Marine and Polar Research

Oceans are the largest habitat on Earth: they cover more than two thirds of the Earth's surface. This makes their protection especially important. The German Federal Research Ministry funds research to protect oceans, coastlines and polar regions.

With a length of 118 metres, a cruising speed of 10.5 knots, and a maximum endurance of 75 days, the POLARSTERN is one of the most powerful research vessels in operation today. © Stefanie Arndt

What role do the oceans play in the storage of heat and CO2 and what effect will rising sea levels and climate change have on our coastlines? What effect will ocean pollution and acidification have on biodiversity and human' ability to provide for themselves? These and other questions are the focal point of marine research. The challenge is in maintaining the ecological balance in marine and polar regions, and ensuring natural resources and ecosystem services for ourselves and for future generations.

Coastal, marine and polar research aims to address these challenges in the coming decades and to find preventive solutions. To this end “preventive research” is being conducted, with a future oriented and innovative approach. Interdisciplinary research approaches will be a key factor. It delivers insights that enable us to analyse change and formulate prognoses for the future of our planet.

Understanding Climate Change

About 70 percent of the Earth's surface is covered in water, but we still know relatively little about the largest habitat on the planet, even though the oceans – following the atmosphere – play the driving role in climate events and the Earth's mass balance. Effective climate research would be unimaginable, without the contributions from marine and polar researchers. Polar researchers can reconstruct climate history using ice cores taken from our planet's large ice sheets.

To be able to protect our coastline from storm surges and the danger presented by rising sea levels, we must understand the physics, chemistry, and biology of the oceans. The impacts of climate change are becoming ever more relevant for our societal well-being. We must close our knowledge gaps of the climate system to support innovative climate policies and take targeted action to combat the impacts of climate change.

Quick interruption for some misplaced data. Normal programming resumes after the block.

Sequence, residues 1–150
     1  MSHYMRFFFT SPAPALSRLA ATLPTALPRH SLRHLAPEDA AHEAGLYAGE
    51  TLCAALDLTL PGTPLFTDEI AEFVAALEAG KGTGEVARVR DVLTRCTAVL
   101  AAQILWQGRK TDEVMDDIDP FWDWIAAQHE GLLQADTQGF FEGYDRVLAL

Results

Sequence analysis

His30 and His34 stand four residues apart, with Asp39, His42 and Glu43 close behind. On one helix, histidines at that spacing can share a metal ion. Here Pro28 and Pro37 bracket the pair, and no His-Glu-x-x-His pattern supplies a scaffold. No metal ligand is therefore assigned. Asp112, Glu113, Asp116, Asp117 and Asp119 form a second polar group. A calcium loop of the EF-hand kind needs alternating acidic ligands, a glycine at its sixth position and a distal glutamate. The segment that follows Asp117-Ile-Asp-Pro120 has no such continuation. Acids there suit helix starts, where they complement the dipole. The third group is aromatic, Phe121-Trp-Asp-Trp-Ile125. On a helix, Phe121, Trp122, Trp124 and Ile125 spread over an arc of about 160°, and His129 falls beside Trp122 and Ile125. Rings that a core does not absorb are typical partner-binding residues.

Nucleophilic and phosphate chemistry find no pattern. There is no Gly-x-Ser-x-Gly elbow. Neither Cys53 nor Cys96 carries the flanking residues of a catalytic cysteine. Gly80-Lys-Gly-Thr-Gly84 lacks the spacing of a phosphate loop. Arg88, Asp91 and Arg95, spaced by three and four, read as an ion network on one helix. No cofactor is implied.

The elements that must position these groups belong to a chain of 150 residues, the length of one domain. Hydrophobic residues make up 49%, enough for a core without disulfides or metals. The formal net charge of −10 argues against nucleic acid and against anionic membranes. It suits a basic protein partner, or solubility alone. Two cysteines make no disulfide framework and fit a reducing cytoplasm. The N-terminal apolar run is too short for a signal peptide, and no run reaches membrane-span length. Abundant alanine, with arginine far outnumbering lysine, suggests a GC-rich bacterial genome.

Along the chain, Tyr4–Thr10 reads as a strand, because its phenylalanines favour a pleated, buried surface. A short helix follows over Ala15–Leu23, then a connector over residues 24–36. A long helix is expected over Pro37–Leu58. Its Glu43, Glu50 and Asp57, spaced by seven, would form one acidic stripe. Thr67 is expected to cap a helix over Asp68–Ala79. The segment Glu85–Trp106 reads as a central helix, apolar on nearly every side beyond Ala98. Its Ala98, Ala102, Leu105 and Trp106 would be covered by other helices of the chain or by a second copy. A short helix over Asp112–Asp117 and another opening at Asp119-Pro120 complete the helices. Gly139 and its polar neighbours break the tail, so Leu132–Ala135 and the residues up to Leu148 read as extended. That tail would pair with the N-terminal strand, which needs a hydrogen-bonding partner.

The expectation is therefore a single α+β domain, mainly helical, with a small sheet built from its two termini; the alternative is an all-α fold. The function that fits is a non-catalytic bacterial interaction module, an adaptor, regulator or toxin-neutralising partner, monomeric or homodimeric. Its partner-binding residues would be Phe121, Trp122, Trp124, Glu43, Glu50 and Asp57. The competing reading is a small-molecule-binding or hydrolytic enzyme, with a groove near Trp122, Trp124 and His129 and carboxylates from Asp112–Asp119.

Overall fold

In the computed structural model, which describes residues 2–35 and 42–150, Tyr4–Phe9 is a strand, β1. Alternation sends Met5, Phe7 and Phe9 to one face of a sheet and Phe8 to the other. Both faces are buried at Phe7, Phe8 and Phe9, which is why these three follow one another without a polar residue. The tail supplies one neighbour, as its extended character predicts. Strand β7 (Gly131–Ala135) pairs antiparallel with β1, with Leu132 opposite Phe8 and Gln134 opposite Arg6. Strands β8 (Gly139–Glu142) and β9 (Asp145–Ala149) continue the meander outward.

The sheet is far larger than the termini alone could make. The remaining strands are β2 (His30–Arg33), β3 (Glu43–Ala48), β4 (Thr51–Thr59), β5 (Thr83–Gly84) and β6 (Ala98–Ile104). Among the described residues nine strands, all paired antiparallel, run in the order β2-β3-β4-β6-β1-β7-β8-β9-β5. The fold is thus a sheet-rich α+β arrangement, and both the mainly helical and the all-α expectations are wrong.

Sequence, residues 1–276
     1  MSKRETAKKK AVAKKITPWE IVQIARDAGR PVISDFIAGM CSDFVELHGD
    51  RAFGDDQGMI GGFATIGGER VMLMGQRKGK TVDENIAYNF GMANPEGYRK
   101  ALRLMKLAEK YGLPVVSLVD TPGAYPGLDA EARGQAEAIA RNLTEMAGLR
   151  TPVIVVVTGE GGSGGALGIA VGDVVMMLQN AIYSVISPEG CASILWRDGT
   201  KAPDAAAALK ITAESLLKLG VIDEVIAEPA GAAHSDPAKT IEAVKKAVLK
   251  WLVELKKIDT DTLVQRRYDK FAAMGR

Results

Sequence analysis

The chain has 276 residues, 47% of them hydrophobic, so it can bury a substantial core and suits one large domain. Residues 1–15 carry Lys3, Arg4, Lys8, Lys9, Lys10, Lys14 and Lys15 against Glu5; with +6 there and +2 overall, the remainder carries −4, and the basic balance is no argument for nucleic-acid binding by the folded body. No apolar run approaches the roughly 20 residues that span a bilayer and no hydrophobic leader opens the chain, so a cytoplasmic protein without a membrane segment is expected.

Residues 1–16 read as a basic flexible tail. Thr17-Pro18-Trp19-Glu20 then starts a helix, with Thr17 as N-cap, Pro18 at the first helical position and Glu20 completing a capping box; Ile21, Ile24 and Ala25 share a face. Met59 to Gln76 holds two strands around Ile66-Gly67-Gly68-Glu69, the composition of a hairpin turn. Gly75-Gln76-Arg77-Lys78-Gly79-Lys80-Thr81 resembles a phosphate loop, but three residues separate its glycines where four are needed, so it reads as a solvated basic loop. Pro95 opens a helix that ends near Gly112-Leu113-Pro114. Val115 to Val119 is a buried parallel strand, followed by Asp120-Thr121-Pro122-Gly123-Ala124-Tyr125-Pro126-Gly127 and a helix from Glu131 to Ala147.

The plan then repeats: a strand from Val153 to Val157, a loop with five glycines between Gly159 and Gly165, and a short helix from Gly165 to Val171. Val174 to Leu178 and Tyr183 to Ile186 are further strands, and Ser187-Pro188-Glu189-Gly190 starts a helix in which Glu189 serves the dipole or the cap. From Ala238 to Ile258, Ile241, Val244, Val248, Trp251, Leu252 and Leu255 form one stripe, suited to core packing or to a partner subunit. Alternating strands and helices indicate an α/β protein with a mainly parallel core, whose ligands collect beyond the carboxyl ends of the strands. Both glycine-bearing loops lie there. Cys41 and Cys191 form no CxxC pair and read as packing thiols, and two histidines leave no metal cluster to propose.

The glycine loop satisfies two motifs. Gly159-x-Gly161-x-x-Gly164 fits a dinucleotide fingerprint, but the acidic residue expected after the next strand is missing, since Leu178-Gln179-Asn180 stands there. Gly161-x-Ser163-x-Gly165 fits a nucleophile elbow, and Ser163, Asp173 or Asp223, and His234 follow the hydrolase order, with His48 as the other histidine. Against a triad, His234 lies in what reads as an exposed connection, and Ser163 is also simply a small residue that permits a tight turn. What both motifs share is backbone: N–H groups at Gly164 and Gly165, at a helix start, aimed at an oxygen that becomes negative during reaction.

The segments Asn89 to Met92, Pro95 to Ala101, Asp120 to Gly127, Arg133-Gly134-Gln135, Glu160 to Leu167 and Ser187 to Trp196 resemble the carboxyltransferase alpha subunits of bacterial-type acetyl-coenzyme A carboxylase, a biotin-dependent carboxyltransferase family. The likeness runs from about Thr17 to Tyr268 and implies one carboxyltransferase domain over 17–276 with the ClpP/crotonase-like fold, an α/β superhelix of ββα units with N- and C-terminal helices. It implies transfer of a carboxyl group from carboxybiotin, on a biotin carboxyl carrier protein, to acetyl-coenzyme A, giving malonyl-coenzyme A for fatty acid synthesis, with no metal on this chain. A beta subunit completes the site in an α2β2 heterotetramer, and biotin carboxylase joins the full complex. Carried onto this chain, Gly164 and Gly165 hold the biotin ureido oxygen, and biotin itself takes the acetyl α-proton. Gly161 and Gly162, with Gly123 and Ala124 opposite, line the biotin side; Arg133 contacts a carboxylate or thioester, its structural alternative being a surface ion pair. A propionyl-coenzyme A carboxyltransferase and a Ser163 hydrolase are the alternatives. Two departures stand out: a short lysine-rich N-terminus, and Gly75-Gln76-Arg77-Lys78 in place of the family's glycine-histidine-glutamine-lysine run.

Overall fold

Innovative marine and polar research requires a modern high-tech research infrastructure. Germany commands one of the most advanced research fleets in the world as part of its dedication to safeguarding the future. The German research ships are operating in the oceans and in polar regions, making a significant contribution to cooperative international scientific missions. They play a significant role in the expansion of our international relationships.

Protecting Vulnerable Regions

Coastal regions are important habitats, natural, and economic areas. They act as an interface between land, sea, and society. 70 percent of the Earth's population live in coastal regions. Climate change is increasing the frequency with which extreme climate events, such as storm surges, threaten the delicate coastline. This threat is accompanied by a rise in sea levels, a result of warming seas and melting ice. The development and improvement of early warning systems are essential part of our adaptation to the consequences of climate change.

Populations in coastal regions are growing worldwide: these areas are characterised by the construction of regenerative power plants and transport routes, naval traffic, and tourism. At the same time, they provide a unique habitat for flora and fauna and are an important part of humankind's cultural and natural heritage. Sustainable development in coastal regions presents society with the challenge of using natural resources while preserving them for future generations. Researchers are identifying data and possible solutions that can be used as a basis for shaping successful environmental and economic policies.